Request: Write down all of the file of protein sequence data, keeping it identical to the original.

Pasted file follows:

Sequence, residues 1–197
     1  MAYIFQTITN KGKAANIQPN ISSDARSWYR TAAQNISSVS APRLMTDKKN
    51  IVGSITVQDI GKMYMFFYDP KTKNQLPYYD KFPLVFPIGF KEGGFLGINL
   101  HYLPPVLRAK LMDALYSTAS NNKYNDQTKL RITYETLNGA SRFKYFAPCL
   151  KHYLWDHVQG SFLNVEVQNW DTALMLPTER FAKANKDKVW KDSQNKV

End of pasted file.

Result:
Sequence, residues 1–197
     1  MAYIFQTITN KGKAANIQPN ISSDARSWYR TAAQNISSVS APRLMTDKKN
    51  IVGSITVQDI GKMYMFFYDP KTKNQLPYYD KFPLVFPIGF KEGGFLGINL
   101  HYLPPVLRAK LMDALYSTAS NNKYNDQTKL RITYETLNGA SRFKYFAPCL
   151  KHYLWDHVQG SFLNVEVQNW DTALMLPTER FAKANKDKVW KDSQNKV